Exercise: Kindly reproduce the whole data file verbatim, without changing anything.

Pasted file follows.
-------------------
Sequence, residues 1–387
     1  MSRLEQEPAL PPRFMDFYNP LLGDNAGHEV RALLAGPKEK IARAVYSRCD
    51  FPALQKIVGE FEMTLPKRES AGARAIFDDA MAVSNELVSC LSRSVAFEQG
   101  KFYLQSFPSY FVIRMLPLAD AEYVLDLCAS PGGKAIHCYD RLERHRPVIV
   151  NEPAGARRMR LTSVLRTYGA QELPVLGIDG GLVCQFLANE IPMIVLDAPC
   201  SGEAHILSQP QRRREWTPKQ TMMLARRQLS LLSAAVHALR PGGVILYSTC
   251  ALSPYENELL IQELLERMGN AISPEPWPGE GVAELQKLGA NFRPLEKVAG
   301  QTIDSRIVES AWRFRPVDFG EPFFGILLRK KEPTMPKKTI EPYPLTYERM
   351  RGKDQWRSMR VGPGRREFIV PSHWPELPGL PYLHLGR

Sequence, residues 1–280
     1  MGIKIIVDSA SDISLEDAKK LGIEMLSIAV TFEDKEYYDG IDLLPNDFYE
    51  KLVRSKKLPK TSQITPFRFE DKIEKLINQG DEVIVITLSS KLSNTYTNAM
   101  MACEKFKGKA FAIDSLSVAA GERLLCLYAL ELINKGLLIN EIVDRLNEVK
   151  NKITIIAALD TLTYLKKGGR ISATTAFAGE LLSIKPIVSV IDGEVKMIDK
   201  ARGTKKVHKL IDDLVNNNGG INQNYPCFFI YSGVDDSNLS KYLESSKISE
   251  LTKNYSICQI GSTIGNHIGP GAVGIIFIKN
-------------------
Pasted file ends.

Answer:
Sequence, residues 1–387
     1  MSRLEQEPAL PPRFMDFYNP LLGDNAGHEV RALLAGPKEK IARAVYSRCD
    51  FPALQKIVGE FEMTLPKRES AGARAIFDDA MAVSNELVSC LSRSVAFEQG
   101  KFYLQSFPSY FVIRMLPLAD AEYVLDLCAS PGGKAIHCYD RLERHRPVIV
   151  NEPAGARRMR LTSVLRTYGA QELPVLGIDG GLVCQFLANE IPMIVLDAPC
   201  SGEAHILSQP QRRREWTPKQ TMMLARRQLS LLSAAVHALR PGGVILYSTC
   251  ALSPYENELL IQELLERMGN AISPEPWPGE GVAELQKLGA NFRPLEKVAG
   301  QTIDSRIVES AWRFRPVDFG EPFFGILLRK KEPTMPKKTI EPYPLTYERM
   351  RGKDQWRSMR VGPGRREFIV PSHWPELPGL PYLHLGR

Sequence, residues 1–280
     1  MGIKIIVDSA SDISLEDAKK LGIEMLSIAV TFEDKEYYDG IDLLPNDFYE
    51  KLVRSKKLPK TSQITPFRFE DKIEKLINQG DEVIVITLSS KLSNTYTNAM
   101  MACEKFKGKA FAIDSLSVAA GERLLCLYAL ELINKGLLIN EIVDRLNEVK
   151  NKITIIAALD TLTYLKKGGR ISATTAFAGE LLSIKPIVSV IDGEVKMIDK
   201  ARGTKKVHKL IDDLVNNNGG INQNYPCFFI YSGVDDSNLS KYLESSKISE
   251  LTKNYSICQI GSTIGNHIGP GAVGIIFIKN